Suitable biodegradable polymers for use in sustained release formulations are well known, and include polyesters, which gradually become degraded by hydrolysis when placed in an aqueous, physiological-type environment. Particular polyesters which have been used are those derived from hydroxycarboxylic acids, and much prior art has been directed to polymers derived from α-hydroxycarboxylic acids, especially lactic acid in both its racemic and optically active forms, and glycolic acid, and copolymers thereof--see, for example, U.S. Pat. Nos. 3,773,919 and 3,887,699; Jackanicz et al., Contraception, 1973, 8, 227-234; Anderson et al., ibidem, 1976, 11, 375-384; Wise et al., Life Sciences, 1976, 19, 867-874; Woodland et al., Journal of Medicinal chemistry, 1973, 16, 897-901; Yolles et al., Bulletin of the Parenteral Drug Association, 1976, 30, 306-312; Wise et al., Journal of Pharmacy and Pharmacology, 1978, 30, 686-689 and 1979, 31, 201-204.
In this specification, the term "polylactide" is used in a generic sense to include polymers of lactic acid alone, copolymers of lactic acid and glycolic acid, mixtures of such polymers, mixtures of such copolymers, and mixtures of such polymers and copolymers, the lactic acid being either in racemic or in optically active form. Also, the term "acid-stable" is to be understood as meaning that the polypeptide is not significantly hydrolysed under the conditions encountered within the claimed formulations during the period of use envisaged, that is, at pH 2 at mammalian body temperature, say up to 40° C., for up to six months.
United Kingdom Patent Specification Number 1,325,209 (equivalent to U.S. Pat. No. 3,773,919) and U.S. Pat. No. 3,887,669 is the only prior art known to us which makes any reference to extended or sustained release of polypeptides, the latter mentioning insulin only, but it contains no specific example of any such formulation, and the reference to polypeptides is apparently entirely speculative, appearing, as it does, only in an extensive listing of very many different classes of drugs which can allegedly be incorporated into formulations of the kind described therein. In fact, essentially all of the other drug types referred to in that specification, apart from polypeptides, are relatively hydrophobic in character and of relatively low molecular weight, and the disclosure of that specification displays no recognition of the difficulties which we have encountered when seeking to obtain satisfactory sustained release formulations of polypeptides, many of which are relatively hydrophilic, and of relatively high molecular weight.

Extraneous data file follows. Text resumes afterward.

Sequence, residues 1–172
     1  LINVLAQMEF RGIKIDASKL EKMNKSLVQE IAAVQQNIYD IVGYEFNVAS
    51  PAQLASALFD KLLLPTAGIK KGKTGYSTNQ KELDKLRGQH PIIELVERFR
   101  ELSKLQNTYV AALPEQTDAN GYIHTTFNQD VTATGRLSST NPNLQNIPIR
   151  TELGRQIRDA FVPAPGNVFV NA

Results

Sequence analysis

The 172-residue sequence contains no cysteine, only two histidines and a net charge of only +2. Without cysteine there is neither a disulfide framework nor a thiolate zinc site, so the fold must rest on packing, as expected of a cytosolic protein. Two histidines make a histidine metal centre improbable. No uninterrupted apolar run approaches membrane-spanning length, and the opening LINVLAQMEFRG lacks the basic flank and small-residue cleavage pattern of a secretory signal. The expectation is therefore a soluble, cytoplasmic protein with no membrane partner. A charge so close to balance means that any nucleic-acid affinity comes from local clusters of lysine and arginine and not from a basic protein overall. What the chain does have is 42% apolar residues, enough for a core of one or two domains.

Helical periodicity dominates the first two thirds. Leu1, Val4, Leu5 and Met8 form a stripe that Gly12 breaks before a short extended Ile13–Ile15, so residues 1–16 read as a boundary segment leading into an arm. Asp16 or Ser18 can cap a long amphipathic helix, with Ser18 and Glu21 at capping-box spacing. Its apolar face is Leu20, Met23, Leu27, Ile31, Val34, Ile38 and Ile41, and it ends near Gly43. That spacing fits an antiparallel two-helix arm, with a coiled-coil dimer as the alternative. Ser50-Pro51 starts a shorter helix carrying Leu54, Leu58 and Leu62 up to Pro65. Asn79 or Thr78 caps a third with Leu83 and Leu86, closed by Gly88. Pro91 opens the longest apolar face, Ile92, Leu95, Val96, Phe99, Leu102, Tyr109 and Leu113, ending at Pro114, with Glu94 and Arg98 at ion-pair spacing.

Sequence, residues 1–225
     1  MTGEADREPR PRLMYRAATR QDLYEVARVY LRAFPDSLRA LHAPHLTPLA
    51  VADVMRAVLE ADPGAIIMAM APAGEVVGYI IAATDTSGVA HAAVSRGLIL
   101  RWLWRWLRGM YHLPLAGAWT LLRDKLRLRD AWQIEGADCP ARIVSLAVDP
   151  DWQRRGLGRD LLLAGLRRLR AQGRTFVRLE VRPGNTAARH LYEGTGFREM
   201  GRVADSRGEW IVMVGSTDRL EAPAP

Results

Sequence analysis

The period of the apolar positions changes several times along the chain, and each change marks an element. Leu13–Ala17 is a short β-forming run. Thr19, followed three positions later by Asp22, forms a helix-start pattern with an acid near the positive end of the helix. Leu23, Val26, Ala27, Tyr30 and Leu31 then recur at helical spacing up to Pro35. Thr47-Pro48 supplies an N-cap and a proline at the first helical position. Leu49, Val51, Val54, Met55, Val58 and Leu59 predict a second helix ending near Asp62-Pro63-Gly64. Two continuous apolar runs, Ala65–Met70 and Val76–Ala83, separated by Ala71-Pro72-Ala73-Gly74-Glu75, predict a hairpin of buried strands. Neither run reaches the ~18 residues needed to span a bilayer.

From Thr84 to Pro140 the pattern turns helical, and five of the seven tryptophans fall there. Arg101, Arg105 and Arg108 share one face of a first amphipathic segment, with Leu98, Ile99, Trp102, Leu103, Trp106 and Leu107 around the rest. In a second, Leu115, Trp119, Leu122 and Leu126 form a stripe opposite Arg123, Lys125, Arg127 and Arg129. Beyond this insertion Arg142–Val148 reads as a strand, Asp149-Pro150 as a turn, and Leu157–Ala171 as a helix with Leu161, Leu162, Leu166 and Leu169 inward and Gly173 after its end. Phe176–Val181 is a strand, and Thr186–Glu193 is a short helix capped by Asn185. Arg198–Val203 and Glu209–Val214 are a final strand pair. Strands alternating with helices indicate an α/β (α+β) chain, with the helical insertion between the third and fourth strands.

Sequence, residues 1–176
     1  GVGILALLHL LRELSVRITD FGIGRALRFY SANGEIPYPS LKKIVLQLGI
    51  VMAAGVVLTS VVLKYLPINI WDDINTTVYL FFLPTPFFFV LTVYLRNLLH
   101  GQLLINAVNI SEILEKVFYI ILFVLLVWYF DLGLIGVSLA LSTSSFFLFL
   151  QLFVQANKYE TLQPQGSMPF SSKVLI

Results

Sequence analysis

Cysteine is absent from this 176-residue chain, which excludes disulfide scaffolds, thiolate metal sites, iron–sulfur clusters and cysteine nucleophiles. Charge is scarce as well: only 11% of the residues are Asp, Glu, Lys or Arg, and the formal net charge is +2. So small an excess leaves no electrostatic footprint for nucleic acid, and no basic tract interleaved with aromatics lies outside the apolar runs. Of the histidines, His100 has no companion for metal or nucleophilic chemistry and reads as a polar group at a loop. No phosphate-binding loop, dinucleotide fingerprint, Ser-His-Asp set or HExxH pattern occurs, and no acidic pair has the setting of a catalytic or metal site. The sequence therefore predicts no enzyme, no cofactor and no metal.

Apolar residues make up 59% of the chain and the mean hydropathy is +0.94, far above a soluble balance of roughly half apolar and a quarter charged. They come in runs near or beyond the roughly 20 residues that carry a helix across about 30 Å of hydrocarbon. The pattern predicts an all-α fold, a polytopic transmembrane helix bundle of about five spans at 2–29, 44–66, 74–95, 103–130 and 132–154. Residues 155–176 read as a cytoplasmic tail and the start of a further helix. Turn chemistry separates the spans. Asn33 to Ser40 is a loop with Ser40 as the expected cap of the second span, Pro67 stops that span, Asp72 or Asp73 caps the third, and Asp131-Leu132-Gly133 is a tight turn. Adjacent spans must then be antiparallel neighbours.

It is to be appreciated that "sustained" or "extended" release of a drug may be either continuous or discontinuous. We have now discovered, in fact, that in many cases when the teaching of the prior art, and in particular the teaching of United Kingdom Specification No. 1,325,209, is applied to the manufacture of a formulation of an acid-stable polypeptide, the release of the polypeptide from the formulation, although occurring over an extended period of time, may also be discontinuous. For example, the release of a polypeptide from a polylactide polymer as described in the said Specification is often preceded by a significant induction period, during which no polypeptide is released, or is biphasic, and comprises an initial period during which some polypeptide is released, a second period during which little or no polypeptide is released, and a third period during which most of the remainder of the polypeptide is released. By contrast, it is an object of the present invention to provide compositions of acid-stable polypeptides from which, apart possibly from a relatively short initial induction period, the polypeptide is released continuously, with no periods during which little or no polypeptide is released. The words "continuous release" are used in this specification solely to describe a release profile which is essentially monophasic, although it may have a point of inflection, but certainly has no "plateau" phase.
Thus, according to the present invention, there is provided a pharmaceutical composition comprising a polylactide, as hereinbefore defined, and an acid-stable polypeptide, which, when placed in an aqueous physiological-type environment, releases polypeptide into said aqueous physiological-type environment in a continuous manner, as hereinbefore defined, until essentially all of the polypeptide has been released.
This invention is applicable to acid-stable polypeptides quite generally, without any limitation as to structure or molecular weight, but is most useful for polypeptides which are relatively hydrophilic, and the following list, which is not intended to be exhaustive, is indicative of polypeptides which may be employed employed in the formulation of this invention: oxytocin, vasopressin, adrenocorticotrophic hormone (ACTH), epidermal growth factor (EGF), prolactin, luliberin or luteinizing hormone releasing hormone (LH-RH), insulin, somatostatin, glucagon, interferon, gastrin, tetragastrin, pentagastrin, urogastrone, secretin, calcitonin, enkephalins, endorphins, angiotensins, renin, bradykinin, bacitracins, polymyxins, colistins, tyrocidin, gramicidines, and synthetic analogues and modifications and pharmacologically-active fragments thereof.
We have found, however, that polypeptides which are not stable under acid conditions, are unsuitable for use in the compositions of this invention, as they become degraded in the acid environment produced in the polymer matrix when the polyactide starts to degrade by hydrolysis, thus producing carboxylic acid end groups.